From playing on the US National Rugby team to managing the U.S. in the sport’s first world cup, Western rugby coach Jeff Lombard can now add his selection into the U.S. Rugby Hall of Fame to his list of accomplishments.
“It’s been an honor and I’m very humbled to be picked out of so many capable people,” Lombard said. “I think this is the third year that they have done the hall of fame, so it’s nice to be recognized.”
The U.S. Rugby Hall of Fame is a private, nonprofit institution dedicated to celebrating the legacy of rugby in the country.
Lombard’s career all started with his acceptance to Western in 1969. The former Wenatchee Valley College football player turned to rugby when he first opened up a Western pamphlet showcasing the “most popular club sport on campus.”
“I had no idea what rugby was and I had no idea what a club sport was compared to a varsity sport,” Lombard said. “I knew I wasn’t going to play football, so I thought rugby looked like a good outlet for me and started playing that season.”
After playing for Western, Lombard went to play for the Chuckanut Bay Rugby Club. From there, the U.S. National team invited Lombard to try out.
“I was invited to try for the team. I had to qualify for the Washington team, then the Pacific Northwest team and after I made those qualifications, then I went on to the national trials,” Lombard said.
In 1977, Lombard was the first player from the Pacific Northwest to be on the national team.
“I was on the first inaugural U.S. against Canada game in Vancouver, Canada and the very first official tour of the U.S. national rugby team, both in 1977, the year I made it,” Lombard said.
Over the years of playing with the U.S. Eagles, Lombard received three caps.
“A cap represents an international test match. You take the field for your country,” Lombard said. “My first cap was against Canada, second cap against England and my third cap was against Canada again.”
Touring about 15 countries throughout his rugby career, Lombard said his favorite experience was when the team went to South Africa.
“The best country I ever toured regarding hospitality and being taken care of was in South Africa,” Lombard said. “I saw how involved the culture and the entire country is with the sport. To them it was like a religion. The culture was so strong and everyone was totally into it. They made every player feel like a million-dollar quarterback.”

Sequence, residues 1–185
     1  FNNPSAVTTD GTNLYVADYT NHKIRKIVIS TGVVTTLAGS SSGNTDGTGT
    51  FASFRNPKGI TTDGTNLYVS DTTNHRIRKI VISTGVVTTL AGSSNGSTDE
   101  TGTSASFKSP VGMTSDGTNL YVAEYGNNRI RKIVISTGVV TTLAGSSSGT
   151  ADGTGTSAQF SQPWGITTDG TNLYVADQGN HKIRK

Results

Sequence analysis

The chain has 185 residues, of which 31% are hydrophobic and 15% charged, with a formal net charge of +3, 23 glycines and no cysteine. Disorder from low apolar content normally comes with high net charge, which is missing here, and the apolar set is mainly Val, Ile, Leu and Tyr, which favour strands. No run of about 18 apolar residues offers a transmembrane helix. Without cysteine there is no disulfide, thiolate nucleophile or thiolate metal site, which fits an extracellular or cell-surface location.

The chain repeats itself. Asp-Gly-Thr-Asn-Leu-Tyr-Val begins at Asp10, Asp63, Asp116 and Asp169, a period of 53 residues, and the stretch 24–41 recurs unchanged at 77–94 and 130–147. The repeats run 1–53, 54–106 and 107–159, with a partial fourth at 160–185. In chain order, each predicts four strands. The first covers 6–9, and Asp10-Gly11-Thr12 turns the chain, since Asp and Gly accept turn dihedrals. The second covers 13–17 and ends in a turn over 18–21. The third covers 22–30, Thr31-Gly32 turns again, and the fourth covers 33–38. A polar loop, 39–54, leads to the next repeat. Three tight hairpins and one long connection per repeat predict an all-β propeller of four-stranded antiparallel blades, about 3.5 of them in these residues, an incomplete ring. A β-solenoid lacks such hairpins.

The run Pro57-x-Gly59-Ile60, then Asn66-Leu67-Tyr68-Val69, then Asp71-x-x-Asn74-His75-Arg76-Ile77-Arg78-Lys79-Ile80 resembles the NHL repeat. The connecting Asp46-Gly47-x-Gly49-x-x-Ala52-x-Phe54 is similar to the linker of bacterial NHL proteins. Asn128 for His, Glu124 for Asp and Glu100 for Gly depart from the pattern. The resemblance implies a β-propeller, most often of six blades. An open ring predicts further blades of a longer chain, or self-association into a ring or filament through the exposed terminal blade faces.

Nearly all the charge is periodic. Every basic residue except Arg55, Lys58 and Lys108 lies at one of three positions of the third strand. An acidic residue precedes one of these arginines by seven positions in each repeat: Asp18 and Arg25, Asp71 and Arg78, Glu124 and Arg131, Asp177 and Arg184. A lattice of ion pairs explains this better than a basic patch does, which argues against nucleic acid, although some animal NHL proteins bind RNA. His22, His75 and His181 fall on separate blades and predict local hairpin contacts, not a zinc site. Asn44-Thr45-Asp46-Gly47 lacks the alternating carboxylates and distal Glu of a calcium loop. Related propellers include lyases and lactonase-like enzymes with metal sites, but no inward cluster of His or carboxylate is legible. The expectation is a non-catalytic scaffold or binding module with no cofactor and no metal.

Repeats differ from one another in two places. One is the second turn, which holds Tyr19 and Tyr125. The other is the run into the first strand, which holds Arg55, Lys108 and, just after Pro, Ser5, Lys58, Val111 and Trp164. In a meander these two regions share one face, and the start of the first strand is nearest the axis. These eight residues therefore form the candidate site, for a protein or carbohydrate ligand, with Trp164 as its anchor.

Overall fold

Playing flanker on the national team, Lombard suffered multiple injuries. Tearing his knee and the final blow of the collarbone, Lombard ended his career due to injuries.
“I tore my knee out, that slowed me down a little bit. I played one more year for the national program and then I broke my collarbone and at that point, I said, ‘you know, I’m getting a little injury prone. I have a business to run. I’ll be happy with what I’ve done and move forward with my business and family,’” Lombard said.
Lombard’s rugby career didn’t come to a complete stop. He was asked back to manage the national team.
“I was the first Eagle to manage our national program and was lucky enough to travel around the world, taking the team through 1988,” Lombard said. “I managed the first world cup rugby ever hosted in Australia and New Zealand.”
Western rugby player and sophomore Zachary Wilson describes coach Lombard as a committed, persistent and hard working coach.
“He’s also so relaxed and doesn’t seem like that kind of guy,” Wilson said about coach Lombard and his humble personality. Wilson never would have guessed coach Lombard was the successful rugby player that he was.
Lombard has an intense love for the game and is still just as passionate about the sport.
“Western is where I was introduced to the game and it’s Western where we’re back at after 40 some years,” Lombard said. “I’m extremely honored and happy that we can elevate Western’s rugby program and we can put back into it, that’s part of the culture of rugby, to give back.”
It all started with Western, and now it’s back to the school where Lombard was first introduced to the sport he became so successful in.